Edmonton, Alberta, Canada, November 3, 2022- Pacylex today announced that data from the ongoing Phase 1 dose escalation clinical trial of PCLX-001, an N-myristoyltransferase (NMT) inhibitor, as well as the scientific rationale for its use in acute myeloid leukemia (AML) patients, will be presented at the American Society of Hematology (ASH) Annual Meeting and Exposition from 10-13 December 2022. The ongoing study is in Non-Hodgkin’s Lymphoma and solid tumor patients and the company will present the non-clinical evidence that AML patients may benefit as well.
ASH Presentation Details:
Title of poster: “Targeting N-Myristoylation for Adult Acute Myeloid Leukemia Therapy"
Date: Saturday, December 10, 2022
Time: 5:30 PM – 7:30 PM EDT
Location: Ernest N. Morial Convention Center, Hall D
Session Name: 604. Molecular Pharmacology and Drug Resistance: Myeloid Neoplasms
In addition to the presentation, the abstract will be published online in the November supplemental issue of Blood.
Seventeen Non-Hodgkin Lymphoma and solid tumor patients have been accrued through 5 dose levels of oral, once-per-day, PCLX-001. No dose limiting toxicities have been identified. Pharmacokinetic analysis shows rapid oral absorption, an elimination half-life of ~ 10 hours, no plasma accumulation, and drug exposure increasing linearly with dose. The PK is consistent with once-per-day oral administration. Last month the U.S. FDA granted Orphan Drug Designation to PCLX-001 for “treatment of patients with acute myeloid leukemia.” This month Pacylex received clearance from the U.S. Food and Drug Administration (FDA) of an Investigational New Drug (IND) application for PCLX-001 for the treatment of AML.
“We are very pleased by the clinical progress which has demonstrated that an NMT inhibitor can be dosed safely to levels proportional to those that achieved efficacy in vitro and in animal cancer models,” said John Mackey, CMO of Pacylex.
The poster will also present results from in vitro and in vivo studies that indicate PCLX-001 is at least as effective against AML cancer cells, including leukemic stem cells (LSCs), the sub-population believed to be responsible for AML recurrence, as it is against lymphoma cells. “In two different patient derived xenograft models, the LSC subpopulation were even more sensitive to PCLX-001 than AML circulating blast cells, which were still very sensitive,” said Luc Berthiaume, CSO of Pacylex. “This provides further support for our plans to initiate a clinical in AML patients in the coming months.”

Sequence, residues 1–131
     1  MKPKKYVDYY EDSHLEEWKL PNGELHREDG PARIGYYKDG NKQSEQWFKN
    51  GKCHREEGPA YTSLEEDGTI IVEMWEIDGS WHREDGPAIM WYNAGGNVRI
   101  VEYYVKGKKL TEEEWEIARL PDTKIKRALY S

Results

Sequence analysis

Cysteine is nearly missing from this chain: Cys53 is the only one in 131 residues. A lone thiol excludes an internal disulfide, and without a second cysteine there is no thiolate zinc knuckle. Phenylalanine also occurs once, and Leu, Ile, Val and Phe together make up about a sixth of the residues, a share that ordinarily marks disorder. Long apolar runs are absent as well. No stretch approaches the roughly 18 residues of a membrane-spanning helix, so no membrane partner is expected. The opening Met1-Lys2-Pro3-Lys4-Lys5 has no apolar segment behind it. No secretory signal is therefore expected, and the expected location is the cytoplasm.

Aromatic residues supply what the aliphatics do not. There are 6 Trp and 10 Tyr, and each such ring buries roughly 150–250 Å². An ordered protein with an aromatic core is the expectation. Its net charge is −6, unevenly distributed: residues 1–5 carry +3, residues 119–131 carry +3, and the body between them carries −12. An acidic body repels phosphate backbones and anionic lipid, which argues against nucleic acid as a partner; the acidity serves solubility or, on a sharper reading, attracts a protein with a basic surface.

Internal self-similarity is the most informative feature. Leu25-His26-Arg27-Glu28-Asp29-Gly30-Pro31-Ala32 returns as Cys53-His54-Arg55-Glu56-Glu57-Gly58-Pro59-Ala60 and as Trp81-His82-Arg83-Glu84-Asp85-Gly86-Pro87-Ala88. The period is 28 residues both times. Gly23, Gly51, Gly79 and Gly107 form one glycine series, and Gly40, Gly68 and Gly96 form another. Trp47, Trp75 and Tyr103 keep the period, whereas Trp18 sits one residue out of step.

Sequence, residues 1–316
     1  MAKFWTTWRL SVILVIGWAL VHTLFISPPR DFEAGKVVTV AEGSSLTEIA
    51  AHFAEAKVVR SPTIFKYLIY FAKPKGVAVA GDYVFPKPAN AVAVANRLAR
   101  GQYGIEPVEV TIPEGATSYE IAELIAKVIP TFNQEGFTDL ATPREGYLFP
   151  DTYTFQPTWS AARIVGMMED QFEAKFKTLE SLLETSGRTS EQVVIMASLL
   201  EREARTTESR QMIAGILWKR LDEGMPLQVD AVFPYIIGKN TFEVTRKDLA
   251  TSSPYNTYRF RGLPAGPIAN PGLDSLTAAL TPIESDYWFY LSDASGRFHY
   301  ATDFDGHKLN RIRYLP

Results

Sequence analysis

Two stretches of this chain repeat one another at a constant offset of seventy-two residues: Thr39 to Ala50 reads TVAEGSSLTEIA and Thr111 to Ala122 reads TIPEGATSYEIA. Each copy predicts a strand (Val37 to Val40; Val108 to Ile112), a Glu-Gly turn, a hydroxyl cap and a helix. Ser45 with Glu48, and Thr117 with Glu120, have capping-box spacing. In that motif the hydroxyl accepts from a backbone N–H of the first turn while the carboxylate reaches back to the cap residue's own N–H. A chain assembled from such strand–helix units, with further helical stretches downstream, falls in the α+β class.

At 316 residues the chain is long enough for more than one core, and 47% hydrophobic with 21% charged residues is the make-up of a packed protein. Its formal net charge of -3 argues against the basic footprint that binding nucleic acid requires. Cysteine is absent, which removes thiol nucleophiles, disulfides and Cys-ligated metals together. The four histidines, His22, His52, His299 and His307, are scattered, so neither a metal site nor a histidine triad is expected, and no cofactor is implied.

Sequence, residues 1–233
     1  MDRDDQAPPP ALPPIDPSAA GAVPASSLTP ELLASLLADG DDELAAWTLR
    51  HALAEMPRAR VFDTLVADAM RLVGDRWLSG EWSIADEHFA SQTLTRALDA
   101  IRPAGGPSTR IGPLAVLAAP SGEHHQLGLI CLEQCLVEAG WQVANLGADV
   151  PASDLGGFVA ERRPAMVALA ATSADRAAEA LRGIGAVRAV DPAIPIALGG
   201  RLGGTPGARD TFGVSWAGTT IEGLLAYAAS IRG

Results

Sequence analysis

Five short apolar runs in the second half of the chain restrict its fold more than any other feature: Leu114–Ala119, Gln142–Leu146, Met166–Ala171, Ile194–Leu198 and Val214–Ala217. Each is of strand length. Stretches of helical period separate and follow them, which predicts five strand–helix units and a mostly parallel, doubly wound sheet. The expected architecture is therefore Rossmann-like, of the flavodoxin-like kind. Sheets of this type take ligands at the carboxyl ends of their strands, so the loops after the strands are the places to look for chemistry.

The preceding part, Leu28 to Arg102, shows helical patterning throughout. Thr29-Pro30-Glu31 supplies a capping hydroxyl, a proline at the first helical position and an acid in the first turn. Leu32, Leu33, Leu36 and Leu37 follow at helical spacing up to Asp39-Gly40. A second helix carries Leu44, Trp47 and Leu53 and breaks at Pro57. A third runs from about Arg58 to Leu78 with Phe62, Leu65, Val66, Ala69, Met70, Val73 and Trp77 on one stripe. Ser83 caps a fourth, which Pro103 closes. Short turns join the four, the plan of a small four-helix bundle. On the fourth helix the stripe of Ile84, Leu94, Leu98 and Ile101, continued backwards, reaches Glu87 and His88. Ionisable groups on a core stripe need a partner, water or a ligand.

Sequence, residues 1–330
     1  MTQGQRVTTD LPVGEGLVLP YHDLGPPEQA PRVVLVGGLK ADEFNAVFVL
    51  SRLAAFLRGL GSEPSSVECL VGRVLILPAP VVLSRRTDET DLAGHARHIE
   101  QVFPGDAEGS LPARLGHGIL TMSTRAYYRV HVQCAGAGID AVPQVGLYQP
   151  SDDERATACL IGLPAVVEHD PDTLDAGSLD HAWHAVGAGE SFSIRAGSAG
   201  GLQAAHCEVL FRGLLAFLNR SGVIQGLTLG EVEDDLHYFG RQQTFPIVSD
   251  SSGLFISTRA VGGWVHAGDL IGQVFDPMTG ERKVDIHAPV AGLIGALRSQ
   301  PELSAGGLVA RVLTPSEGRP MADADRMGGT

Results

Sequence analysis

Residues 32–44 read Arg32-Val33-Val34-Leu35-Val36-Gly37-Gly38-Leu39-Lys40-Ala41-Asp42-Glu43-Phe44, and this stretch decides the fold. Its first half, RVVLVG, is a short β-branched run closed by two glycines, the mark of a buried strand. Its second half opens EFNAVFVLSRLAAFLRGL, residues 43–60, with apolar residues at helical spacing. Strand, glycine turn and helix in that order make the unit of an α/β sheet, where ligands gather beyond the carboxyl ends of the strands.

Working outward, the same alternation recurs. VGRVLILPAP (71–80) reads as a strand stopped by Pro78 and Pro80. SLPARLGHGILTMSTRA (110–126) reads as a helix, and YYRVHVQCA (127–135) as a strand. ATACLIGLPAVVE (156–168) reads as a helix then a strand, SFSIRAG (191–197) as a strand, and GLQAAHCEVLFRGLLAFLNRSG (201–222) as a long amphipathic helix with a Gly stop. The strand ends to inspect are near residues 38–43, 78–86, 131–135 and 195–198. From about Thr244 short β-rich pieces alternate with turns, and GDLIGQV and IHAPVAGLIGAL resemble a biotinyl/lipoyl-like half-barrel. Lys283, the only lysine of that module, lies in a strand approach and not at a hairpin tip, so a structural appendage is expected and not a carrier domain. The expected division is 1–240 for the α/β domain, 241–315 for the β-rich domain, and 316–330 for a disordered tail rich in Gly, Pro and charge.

The ongoing clinical PCLX-001 trial in NHL and solid tumor patients is registered at ClinicalTrials.gov Identifier: NCT04836195.
PCLX-001 (aka DDD86481) is a first-in-class, small molecule NMT inhibitor originally developed by the University of Dundee Drug Discovery Unit as part of a program to treat African sleeping sickness, funded by Welcome Trust. Pacylex is developing PCLX-001 in the form of a once-a-day pill initially to treat leukemia and lymphoma. PCLX-001 has also been shown to inhibit the growth of lung and breast cancer tumors in animal models. In leukemia, lymphoma and breast cancer patients, the levels of NMT2 is correlated with survival, suggesting an important biological role in these cancers.
Pacylex is a pharmaceutical company headquartered in Edmonton, Alberta, Canada, targeting hematologic and solid cancers with a new first-in-class therapeutic, PCLX-001. Pacylex’s technology combines new insights from Dr. Luc Berthiaume of the University of Alberta connecting myristoylation to cancer with a family of high quality myristoylation inhibitors Pacylex licensed from the University of Dundee. PCLX-001 is the lead drug in a new class of NMT inhibitors, enabling Pacylex to exploit NMTs as new clinical targets for cancer treatment. Pacylex initiated clinical studies in Canada in the fall of 2021 in non-Hodgkin lymphoma and solid tumors and will soon initiate clinical studies in the US in acute myeloid leukemia patients. Pacylex is also receiving support from an Alberta Innovates AICE grant in 2020, and the research leading to this breakthrough was supported in part by the Alberta Cancer Foundation and the Cure Cancer Foundation. The US Department of Defense is supporting the initial clinical investigation of PCLX-001 in AML patients.